The btlGal4 line (Shiga et al., 1996) drives the expression of UAS constructs in the tracheal cells from stage 11; p127Gal4 (Steneberg et al., 1998) in the tracheal fusion cells, and LP39 (salGAL4, provided by M. Calleja and G. Morata) in a sal pattern of expression.
To visualise the tracheal cells embryos bearing the btlGal4-UAStauGFP in wild-type or other backgrounds were stained for α-GFP. To maximise the efficacy of the Gal4/UAS system the embryo collections were carried out at 29°C.
To identify mutant embryos, ‘blue balancers’, of the first, second and third chromosomes were used: FM7-ftz-lacZ; Cyo-hb-lacZ, TM3-ftz-lacZ.
Embryo fixation and staining
For HRP histochemistry embryos were fixed in PEM-FA (Patel, 1994) for 20-30 minutes and stained with the Vectastain-ABC kit according to standard protocols. The mouse monoclonal mAb2A12 (developed by N. Patel and C. Goodman and obtained from the Developmental Studies Hybridoma Bank) was used at 1:5 to stain the lumen of the tracheal system from stage 13/14 onwards. The mouse mAb22C10 (from N. Patel) was used at 1:10 to visualize the nerves. The rabbit α-spalt (from R. Schuh) was used at 1:30 and the guinea pig α-knirps (developed by J. Reivitz and provided by M. Ruiz-Gomez) was used at 1:1000. The rabbit α-β;-galactosidase (Cappel) was used at 1:1000 to 1:1500 to detect tracheal markers and blue balancers. The rabbit α-phosphorylated histone H3 (Upstate Biotechnology) was used at 1:500 to detect cell proliferation. The rabbit α-GFP (Molecular Probes) was used at 1:500 to visualise the tracheal cells. The purified mouse monoclonal α-wingless (Developmental Studies Hybridoma Bank) was used at 1:200. Biotinylated secondary antibodies (Jackson) were used at 1:300. To optimise double staining embryos were first stained in black with NiCl2 and then in brown. Embryos were dehydrated, rinsed in acetone, and transferred to a 1:1 mixture of acetone and Durcupan (Fluka) overnight. After evaporation of acetone, embryos were observed and photographed in a Zeiss Axiophot.
Embryos were staged according to Campos-Ortega and Hartenstein, 1997. Images were processed in Adobe Photoshop.
The WG/WNT pathway is required for several aspects of tracheal development
As tracheal formation depends on the action of different signalling pathways, I asked whether the WG pathway is also required. Uemura et al (1996) already reported that null arm mutants exhibit a tracheal phenotype. To see which part of the phenotype (if any) was due to a block in WG transduction, a strong hypomorphic allele of arm that compromises the signalling activity without affecting the adhesion properties, armXM19 (Cox et al., 1999; Peifer and Wieschaus, 1990), was used. Zygotic armXM19 mutants displayed three main kinds of tracheal defects (Figs 1H and 2D-F). (1) The dorsal trunk (DT), which in the wild type connects the adjacent tracheal metameres, is completely missing or very much reduced. (2) There are no branch fusions and thus the ten tracheal metameres are completely disconnected. (3) The ganglionic branch (GB) is misrouted.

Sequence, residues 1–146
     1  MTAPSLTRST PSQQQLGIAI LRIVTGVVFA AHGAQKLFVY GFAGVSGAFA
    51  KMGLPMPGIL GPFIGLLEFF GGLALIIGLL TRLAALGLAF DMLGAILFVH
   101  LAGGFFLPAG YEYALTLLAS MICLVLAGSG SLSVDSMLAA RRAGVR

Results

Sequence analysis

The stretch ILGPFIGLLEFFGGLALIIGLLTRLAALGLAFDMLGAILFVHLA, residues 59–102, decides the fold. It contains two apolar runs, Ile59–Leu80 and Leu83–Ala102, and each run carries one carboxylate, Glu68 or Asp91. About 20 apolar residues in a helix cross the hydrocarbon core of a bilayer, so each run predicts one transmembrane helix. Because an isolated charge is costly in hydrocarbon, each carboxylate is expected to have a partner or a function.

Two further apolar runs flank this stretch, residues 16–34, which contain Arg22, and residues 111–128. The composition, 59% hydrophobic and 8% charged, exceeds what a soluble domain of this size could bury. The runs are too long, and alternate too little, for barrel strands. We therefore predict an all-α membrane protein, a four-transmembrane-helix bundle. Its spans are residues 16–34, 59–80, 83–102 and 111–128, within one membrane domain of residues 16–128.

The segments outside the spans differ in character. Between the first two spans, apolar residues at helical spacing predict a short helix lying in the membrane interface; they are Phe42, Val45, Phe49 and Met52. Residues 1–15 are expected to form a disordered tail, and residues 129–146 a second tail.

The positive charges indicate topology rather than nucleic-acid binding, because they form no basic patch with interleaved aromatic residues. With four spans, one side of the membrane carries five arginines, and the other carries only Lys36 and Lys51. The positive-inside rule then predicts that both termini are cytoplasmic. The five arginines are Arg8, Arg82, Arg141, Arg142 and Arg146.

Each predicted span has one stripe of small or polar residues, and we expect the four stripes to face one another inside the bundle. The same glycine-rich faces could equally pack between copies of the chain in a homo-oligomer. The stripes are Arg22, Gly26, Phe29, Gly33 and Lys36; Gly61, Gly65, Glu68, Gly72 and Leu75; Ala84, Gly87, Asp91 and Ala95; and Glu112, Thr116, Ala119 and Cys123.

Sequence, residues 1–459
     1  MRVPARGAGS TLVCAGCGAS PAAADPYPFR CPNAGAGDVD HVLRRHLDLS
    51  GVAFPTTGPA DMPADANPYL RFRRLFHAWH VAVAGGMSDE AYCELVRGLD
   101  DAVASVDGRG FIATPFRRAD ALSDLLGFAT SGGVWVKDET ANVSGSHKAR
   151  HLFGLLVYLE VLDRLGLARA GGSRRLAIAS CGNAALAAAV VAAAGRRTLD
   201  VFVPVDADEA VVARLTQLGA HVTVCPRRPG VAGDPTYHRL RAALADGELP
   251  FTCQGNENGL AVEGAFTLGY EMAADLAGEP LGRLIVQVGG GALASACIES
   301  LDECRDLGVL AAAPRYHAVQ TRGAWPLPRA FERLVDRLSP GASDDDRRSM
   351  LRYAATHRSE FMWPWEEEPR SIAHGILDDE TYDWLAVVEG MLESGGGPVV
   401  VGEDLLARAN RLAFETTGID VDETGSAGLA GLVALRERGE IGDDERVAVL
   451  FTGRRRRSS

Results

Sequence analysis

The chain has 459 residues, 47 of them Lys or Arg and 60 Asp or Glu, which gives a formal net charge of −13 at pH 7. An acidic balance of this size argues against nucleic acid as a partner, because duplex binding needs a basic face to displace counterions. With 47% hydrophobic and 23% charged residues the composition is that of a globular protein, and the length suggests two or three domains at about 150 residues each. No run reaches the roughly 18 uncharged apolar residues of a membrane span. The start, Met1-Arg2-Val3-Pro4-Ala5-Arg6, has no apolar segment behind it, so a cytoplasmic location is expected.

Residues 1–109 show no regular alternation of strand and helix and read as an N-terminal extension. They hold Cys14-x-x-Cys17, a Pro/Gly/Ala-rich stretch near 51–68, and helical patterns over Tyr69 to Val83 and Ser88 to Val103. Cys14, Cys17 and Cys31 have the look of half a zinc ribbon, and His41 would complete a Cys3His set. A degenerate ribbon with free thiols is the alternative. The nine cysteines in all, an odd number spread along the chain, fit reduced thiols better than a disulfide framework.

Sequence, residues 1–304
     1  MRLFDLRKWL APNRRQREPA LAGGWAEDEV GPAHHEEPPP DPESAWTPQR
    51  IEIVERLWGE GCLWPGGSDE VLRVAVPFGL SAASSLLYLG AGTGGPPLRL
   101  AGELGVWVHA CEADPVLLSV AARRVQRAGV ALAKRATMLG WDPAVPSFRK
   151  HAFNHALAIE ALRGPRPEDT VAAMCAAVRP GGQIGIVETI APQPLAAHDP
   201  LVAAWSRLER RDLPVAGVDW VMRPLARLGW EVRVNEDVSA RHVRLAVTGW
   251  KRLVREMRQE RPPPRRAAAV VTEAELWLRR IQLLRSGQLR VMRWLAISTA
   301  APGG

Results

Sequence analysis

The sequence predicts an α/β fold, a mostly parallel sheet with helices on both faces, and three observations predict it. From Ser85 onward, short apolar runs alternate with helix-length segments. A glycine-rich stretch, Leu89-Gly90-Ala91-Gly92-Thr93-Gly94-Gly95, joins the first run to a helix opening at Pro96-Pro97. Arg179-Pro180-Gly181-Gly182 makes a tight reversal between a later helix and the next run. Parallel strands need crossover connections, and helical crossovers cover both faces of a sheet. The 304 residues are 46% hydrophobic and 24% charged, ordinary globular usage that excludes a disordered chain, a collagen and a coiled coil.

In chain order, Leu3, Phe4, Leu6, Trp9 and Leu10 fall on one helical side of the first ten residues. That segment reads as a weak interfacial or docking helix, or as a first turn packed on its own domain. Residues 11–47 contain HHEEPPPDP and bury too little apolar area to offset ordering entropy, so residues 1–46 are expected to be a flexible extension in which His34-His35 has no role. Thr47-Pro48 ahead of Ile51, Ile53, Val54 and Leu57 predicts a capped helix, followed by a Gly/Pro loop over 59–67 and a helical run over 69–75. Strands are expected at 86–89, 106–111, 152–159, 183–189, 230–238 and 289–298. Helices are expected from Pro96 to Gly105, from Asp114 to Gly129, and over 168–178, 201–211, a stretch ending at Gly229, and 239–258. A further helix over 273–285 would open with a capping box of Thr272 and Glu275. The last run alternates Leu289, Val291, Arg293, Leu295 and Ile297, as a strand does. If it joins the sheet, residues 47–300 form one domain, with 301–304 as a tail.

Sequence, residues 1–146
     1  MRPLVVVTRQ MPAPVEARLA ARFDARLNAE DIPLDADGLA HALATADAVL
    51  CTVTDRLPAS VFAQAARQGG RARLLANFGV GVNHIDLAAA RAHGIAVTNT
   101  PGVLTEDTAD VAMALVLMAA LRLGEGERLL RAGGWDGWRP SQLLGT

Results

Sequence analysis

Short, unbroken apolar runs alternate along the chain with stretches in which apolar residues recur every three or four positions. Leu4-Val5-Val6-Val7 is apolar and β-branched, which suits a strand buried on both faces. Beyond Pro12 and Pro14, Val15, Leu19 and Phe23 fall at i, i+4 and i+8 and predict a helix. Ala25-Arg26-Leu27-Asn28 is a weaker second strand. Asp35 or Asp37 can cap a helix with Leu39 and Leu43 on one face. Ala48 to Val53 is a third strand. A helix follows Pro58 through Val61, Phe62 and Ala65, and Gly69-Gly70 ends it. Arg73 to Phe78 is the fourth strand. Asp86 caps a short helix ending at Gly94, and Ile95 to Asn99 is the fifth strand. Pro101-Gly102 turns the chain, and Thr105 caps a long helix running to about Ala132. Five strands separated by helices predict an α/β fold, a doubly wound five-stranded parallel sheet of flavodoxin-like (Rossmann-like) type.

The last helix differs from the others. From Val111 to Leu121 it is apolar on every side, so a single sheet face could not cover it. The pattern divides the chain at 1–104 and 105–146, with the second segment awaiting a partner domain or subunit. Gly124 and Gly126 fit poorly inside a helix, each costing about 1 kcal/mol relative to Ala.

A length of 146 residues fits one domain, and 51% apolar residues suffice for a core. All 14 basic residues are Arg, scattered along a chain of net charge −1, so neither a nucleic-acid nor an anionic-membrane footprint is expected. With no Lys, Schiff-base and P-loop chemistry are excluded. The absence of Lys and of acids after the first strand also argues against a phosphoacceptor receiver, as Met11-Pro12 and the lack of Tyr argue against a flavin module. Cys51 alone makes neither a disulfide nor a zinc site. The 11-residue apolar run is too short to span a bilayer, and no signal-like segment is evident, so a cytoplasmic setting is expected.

The above results prompted the analysis of the tracheal requirements of other members of the WG pathway. wgts(wgIL114) mutants shifted at the restrictive temperature from early stage 11 to stage 13 displayed severe defects of lateral trunk (LT) and dorsal branch (DB) fusion, as well as defects in GB guidance. However, signs of DT differentiation were generally observed and the DT was continuous between some metameres (Fig. 1D). Similarly, in null wg mutants (wgCX4) or in mutants with a deficiency that removes wg (Df(2R) RF; data not shown), there is no LT fusion but some fragments of DT are formed and often fused, even though the embryo and the tracheae are generally malformed. In addition, null mutants for wg also displayed tracheal invagination defects (Fig. 1C; Uemura et al., 1996). The results suggest that wg is necessary for GB guidance and fusion of LT and DB. However, although the DT is sometimes affected, wg does not seem to be absolutely essential for fusion and formation of the DT. On the other hand, wg misexpression in all tracheal cells, by means of the btlGal4 line, produced a phenotype totally penetrant and reproducible: the DT is thicker than in the wild type, while the visceral branches (VB, branches that reach the gut) were missing or very much reduced (Fig. 1B). This DT hypertrophy can be regarded as opposite to the absence of DT in armXM19 mutants.